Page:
Les Bêtes Curieuses
Every great double act has to start somewhere, and sometimes serendipity plays a significant role. Take, for example, Laurel and Hardy; Oliver Hardy (1892 – 1957) had starred in well over two hundred silent films before the collapse of the Florida film industry forced him to move to California, a decision that ultimately threw him in the path of Stan Laurel (1890 – 1965). They appeared together for the first time in Lucky Dog (1921), although not as a double act. It was only a chance meeting with the producer Hal Roach (1892 – 1992) – yet more serendipity – that brought them together as a team, creating arguably the greatest double act of all time.
The London International Wine Fair isn’t renowned for spawning classic comedy teams (you might ask if in recent years it has been renowned for anything), but in 2005 a chance meeting between two young and motivated vignerons did result in one of the more interesting projects to come out of the Nantais in recent years. They don’t seem to have any well-rehearsed slapstick routines incorporating ladders or pianos, but they still seem to be having a lot of fun fashioning an eclectic portfolio of wines from the newly defined and emerging cru communal vineyards of Muscadet. The name of these curious cuvées is, as you have surely already guessed, is Les Bêtes Curieuses.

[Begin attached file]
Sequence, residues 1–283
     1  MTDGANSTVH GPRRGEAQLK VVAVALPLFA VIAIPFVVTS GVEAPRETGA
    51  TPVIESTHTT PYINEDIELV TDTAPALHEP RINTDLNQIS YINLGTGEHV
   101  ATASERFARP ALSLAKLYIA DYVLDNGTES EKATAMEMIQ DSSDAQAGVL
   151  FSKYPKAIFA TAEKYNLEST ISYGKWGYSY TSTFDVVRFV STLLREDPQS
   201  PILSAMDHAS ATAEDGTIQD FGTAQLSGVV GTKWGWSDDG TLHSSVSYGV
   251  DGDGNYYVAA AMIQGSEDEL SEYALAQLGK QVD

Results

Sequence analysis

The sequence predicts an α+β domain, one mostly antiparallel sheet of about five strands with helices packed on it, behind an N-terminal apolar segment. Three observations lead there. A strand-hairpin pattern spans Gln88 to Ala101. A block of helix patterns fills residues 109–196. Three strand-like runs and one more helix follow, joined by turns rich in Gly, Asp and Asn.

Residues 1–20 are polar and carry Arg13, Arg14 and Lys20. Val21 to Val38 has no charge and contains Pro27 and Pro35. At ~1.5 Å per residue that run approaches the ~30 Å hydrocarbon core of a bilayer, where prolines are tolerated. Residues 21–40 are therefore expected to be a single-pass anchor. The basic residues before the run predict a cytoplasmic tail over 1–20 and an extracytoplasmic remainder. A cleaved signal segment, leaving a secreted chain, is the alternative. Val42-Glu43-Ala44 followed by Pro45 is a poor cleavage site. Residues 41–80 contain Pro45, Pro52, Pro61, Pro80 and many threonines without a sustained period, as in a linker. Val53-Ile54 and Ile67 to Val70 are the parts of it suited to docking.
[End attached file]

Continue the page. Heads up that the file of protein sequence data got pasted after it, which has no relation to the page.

The Two Jérémies
On one side of this friendship and project we have Jérémie Huchet, a Muscadet vigneron, whose family have been in change at Domaine de la Chauvinière since his grandfather Constant Huchet took the reins from his own father-in-law in 1945. Like many quality-minded young vignerons Jérémie left the region to gain some experience in Australia, before coming back to take control of the family’s vineyards, which in modern times also include Clos les Montys, Château de la Bretesche and Château de la Templerie.